The following piece is by Isaac Watts; it speaks to our sense of wonder. This topic interests me because it seems to be one of the great and driving forces in mankind, for good or ill.
"When we perceive any object that is rare and uncommon, that is new and strange, either for its kinds or for its qualities; or when we meet with such an occurrence or event as is unusual or unexpected; or such as is at least unusual at such a particular time and place, we are struck with admiration or wonder, and that without any considerations whether the object be valuable or worthless, whether it be good or evil. We wonder at a very great or a very little man, a dwarf or a giant; at a very little horse, at a huge snake or toad, at an elephant, or a whale, or a comet, or at any large performances of art, or moving machines, such as clocks, watches with a variety of uncommon motions and operations: we wonder at a piece of extraordinary wit, skill, or learning, even at artificial trifles as a flea kept alive in a chain; at any uncommon appearances in nature discovered by a telescope, a microscope, etc. Admiration has no regard to the agreeableness or disagreeableness of the object, but only to the rarity of it. And for this reason wonder seems to be the first of the passions.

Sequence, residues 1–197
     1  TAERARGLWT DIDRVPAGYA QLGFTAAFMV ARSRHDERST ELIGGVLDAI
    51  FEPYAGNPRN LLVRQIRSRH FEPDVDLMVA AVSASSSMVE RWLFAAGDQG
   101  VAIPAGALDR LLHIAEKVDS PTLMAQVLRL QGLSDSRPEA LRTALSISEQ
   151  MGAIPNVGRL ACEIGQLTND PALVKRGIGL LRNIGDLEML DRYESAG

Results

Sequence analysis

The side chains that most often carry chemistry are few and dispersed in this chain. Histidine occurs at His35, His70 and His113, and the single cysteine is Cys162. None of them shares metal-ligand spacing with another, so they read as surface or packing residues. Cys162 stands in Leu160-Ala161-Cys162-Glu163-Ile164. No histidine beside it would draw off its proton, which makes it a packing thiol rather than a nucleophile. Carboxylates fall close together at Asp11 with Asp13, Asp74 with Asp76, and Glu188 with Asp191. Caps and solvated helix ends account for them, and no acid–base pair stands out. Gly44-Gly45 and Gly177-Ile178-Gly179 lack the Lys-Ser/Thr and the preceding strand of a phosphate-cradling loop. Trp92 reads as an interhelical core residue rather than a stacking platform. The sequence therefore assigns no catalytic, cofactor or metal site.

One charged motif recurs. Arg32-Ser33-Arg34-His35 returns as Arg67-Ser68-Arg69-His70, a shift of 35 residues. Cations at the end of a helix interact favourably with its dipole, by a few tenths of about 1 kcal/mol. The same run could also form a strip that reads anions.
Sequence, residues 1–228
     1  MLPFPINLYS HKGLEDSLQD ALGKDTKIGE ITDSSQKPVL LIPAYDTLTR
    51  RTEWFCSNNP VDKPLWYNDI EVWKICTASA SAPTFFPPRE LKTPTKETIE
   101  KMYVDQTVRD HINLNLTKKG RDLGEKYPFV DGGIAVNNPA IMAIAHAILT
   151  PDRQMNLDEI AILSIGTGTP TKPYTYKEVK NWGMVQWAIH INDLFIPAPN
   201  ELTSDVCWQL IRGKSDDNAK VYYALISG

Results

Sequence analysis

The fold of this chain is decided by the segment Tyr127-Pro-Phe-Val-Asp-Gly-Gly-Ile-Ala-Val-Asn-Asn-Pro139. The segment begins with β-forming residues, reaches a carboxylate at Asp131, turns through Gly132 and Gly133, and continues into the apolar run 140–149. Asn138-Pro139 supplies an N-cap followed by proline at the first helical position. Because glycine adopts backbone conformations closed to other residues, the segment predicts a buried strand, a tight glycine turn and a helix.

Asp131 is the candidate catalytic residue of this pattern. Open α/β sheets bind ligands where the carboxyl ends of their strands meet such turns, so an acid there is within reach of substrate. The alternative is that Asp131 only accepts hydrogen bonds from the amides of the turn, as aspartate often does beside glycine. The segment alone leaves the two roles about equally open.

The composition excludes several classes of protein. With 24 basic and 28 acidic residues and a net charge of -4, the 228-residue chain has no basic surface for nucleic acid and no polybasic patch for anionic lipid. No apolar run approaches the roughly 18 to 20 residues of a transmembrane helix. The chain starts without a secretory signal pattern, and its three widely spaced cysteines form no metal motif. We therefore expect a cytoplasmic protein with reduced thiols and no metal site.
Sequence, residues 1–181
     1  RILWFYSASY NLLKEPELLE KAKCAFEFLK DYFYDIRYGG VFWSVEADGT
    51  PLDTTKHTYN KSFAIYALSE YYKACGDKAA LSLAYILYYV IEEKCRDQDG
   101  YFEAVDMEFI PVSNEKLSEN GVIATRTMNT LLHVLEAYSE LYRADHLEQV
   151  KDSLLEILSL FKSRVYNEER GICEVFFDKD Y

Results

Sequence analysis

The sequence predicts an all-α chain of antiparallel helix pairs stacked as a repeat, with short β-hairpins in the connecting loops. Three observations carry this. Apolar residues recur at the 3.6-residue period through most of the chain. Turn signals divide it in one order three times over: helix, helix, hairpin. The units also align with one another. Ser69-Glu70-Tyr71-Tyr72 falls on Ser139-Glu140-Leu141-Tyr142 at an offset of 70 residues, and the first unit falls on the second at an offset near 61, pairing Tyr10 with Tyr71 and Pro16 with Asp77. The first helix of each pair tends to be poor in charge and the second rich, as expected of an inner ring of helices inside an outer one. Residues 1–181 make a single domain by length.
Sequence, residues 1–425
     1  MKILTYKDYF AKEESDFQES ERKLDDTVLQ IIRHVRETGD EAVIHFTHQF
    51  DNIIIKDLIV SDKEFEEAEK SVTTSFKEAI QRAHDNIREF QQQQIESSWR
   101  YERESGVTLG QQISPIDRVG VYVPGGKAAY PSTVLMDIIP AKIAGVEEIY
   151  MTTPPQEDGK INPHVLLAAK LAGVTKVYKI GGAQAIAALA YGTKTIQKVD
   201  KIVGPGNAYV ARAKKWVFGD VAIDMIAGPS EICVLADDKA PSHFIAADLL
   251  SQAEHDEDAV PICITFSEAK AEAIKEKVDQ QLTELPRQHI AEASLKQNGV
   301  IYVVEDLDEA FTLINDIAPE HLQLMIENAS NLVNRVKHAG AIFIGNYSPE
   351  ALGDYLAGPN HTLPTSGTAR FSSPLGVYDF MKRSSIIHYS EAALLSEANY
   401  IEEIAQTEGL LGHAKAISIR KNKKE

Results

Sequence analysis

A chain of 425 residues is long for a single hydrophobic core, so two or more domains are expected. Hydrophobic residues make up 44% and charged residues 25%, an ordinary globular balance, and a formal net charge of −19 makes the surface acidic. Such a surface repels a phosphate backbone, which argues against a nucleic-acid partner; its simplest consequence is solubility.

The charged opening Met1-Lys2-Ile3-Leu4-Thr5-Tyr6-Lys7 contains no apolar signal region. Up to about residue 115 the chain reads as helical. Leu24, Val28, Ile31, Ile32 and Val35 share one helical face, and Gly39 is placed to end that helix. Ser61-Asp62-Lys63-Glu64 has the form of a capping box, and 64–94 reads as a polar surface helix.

Let it be observed that this passion has properly no opposite; because if the object be not rare or new, of it the appearance be not sudden or unexpected, but a mere common or familiar thing, or an expected occurrence, we receive it with great calmness, and feel no such commotion of nature about it; we treat it with neglect instead of wonder. Now neglect is no passion. The rest of the passions, at least the most of them, go in pairs." Isaac Watts.